A loss of twelve hours should not linger so long. That feeling of departure. Leaving one land, aloft in the air, suspended in space, a leap over time -- the stuff of our lives, modern and vital. What is half a day's absence, in light of this thrill? One life left behind, replaced by another; a journey through sky, swiftly but strangely. This motion of movement, a light-year in brief. (The plane rattles and shakes like a train shifting its tracks, with the difference of 'up' and the descent of 'down' giving a carnival touch to the entire trip, the strangeness enhanced by the absence of any outside sign of progression. Through a bus window we watch a world slowly passing us by -- garter snakes in their grass, poor people in backyards, laundry on lines, the stray sight of a skid-mark streaking some stranger's old gotchies being blown by the wind like a fart's quiet soft flutter, but a plane ride is a ride where all movement seems forced, bionic, a roller coaster's coy hustle. In we go, up we rise; shake; occasionally, lurch. (Are we nothing more than martinis?) Down we descend. Another country to greet us, the runway's pavement our rude and quite bumpy cheek kiss. We are here. Yet something from behind still demands we take notice.
To end at a place so remote from our origin is an experience we shrug off, a twenty-first century perk, life vital and viable. After all, what strange joy can a jet ride give us in full, when the click of a mouse and the drain of accounts gives us a world of new plastic stuff to stack our self-worth. (And to think that a computer's small mobile console, attached to a cord, should now be aligned with a gray furry rodent! Man has come quite a ways.) Left behind, mute, like a dull child who can't keep up with the pace of a his classmates' quick wit: a piece of our souls, a small slab of self still stuck at the airport back home, refusing to board.
Now: in this warm place, in mountains above small wisps of white clouds bearing no hint of dull ash -- just a few days before I was elsewhere indeed, squat in a cold space, crunching through snow, the sky not blue like today but instead shrouded in gray, that colour of rubber erasers all smudged and dark-stained from sweaty good use. (Erasing the unnecessary.) Twelve hours ahead, I've somehow leapfrogged through time.
Where did they go, those hours? Literally, I mean. Lost like loose lint from my pocket. Somehow I've convinced myself they still exist, in some form meant distinctly for me. Locked up in a vault that gamely shuttles its route on its own from my homeland to Asia, straight above that Pacific. (I gave up this part of myself to that safe, somewhere over Russia.) Inside its shut doors, buried beneath my own memory, a crude form of a bridge, could, if erected with care, and the right brand of tools, serve as a track that might make crossing over an option. Back and forth, from time to time. I could link two separate selves across that wide ocean, for I think, with the passage of years, they might just get along. If I could find those missing twelve hours, multiplied.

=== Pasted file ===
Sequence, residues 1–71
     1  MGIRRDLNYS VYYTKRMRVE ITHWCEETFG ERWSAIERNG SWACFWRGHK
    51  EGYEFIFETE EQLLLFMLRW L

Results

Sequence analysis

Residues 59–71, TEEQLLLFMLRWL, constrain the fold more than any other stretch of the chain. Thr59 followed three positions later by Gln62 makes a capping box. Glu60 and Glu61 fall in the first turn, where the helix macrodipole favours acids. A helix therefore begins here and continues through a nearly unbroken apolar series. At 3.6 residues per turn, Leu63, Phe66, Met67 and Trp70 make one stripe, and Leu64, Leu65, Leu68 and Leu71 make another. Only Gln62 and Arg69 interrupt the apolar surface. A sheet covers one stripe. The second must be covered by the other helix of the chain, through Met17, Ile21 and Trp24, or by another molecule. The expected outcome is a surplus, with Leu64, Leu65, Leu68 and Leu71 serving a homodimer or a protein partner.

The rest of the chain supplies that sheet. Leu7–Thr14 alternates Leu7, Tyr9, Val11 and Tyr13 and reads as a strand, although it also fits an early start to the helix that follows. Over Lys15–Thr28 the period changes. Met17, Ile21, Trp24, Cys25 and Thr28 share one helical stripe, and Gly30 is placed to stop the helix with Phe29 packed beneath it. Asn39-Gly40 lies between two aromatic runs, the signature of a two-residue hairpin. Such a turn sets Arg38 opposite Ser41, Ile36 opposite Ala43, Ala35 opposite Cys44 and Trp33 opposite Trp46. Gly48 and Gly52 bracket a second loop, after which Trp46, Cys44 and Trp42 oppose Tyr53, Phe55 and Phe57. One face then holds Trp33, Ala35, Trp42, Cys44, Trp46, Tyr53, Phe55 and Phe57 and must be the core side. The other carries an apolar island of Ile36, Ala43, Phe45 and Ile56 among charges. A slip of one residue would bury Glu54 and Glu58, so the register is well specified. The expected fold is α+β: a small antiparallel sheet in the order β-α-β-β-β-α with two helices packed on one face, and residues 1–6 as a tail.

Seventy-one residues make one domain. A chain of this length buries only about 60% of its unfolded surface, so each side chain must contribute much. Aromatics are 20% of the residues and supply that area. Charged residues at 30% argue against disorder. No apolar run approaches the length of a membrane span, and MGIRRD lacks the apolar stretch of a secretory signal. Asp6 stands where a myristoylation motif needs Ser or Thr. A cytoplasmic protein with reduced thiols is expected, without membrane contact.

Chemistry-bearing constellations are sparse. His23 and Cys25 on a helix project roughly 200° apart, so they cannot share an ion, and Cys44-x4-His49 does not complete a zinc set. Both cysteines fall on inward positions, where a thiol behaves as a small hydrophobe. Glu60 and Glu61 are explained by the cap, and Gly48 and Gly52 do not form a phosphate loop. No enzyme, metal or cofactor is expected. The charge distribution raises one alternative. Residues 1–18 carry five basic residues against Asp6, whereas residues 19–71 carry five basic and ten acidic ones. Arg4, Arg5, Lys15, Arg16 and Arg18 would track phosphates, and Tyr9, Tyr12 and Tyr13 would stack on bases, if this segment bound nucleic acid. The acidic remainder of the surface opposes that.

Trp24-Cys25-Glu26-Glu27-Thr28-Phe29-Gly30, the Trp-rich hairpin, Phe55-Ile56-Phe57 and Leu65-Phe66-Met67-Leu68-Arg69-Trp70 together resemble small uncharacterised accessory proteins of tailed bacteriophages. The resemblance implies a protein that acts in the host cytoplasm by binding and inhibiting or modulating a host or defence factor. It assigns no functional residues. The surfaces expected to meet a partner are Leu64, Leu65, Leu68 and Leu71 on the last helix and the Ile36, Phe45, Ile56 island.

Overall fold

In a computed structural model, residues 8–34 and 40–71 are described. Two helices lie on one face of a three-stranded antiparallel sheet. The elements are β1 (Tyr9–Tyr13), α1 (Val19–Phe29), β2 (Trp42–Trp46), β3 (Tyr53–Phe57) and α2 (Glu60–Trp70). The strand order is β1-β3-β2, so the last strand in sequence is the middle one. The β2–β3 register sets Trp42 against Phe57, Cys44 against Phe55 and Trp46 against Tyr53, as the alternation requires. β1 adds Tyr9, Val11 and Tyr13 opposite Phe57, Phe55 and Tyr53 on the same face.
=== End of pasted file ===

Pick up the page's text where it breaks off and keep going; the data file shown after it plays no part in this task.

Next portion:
My grandfather's dementia, my niece's sweet laugh and my nephew's mad crashes on carpet, manic and joyous, my overall family's understated good heart, and the sound of my skates on a rough patch of ice as a puck leaves the blade of a crudely taped stick, slicing cold air, Canadian, its jab -- all of this stuff, I'm convinced, exists in some form almost Platonic in structure, above the earth's limits, preserved in that space where lost time resides as a taunt that we turn to at night, when sleep slips away.
Perhaps those hours we lose from such long forms of crossing intersect with our lives at stray points in our future. (If the door to that safe in the sky somehow cracks open.) I often wonder, on some future flight, bored by the movie, sick of the small salty pretzels couched in slick plastic, if I might look out my window and spot, for a moment, those hours I've lost track of over the years, hovering, then drifting, just past the wing. They will exist as physical, floating things, those memories I've missed out on, and the real ones, preserved. New memories as solids, as concrete as brick. Only these moments would act as small forward regressions, highlights from life that I somehow missed living. Surely, if we lose twelve hours of life simply in some kind of movement, within those minutes themselves exist what we might have enacted. Laughs had, friends met, kisses granted, promises exchanged, vows destroyed. Snow that fell, dew that glistened. The natural stuff.
I think those hours are there. (Existence, as a whole, cannot divert or discard its treasures with ease. I'm betting on this.) That time that was taken I'll make do my bidding. Dreamer that I am, in my own lunatic logic, I can hoard those hours again, crack the key to that vault that soars through the sky, examine its treasures to see if I left any life far behind. In those minutes I might find something I can take forward, even covet.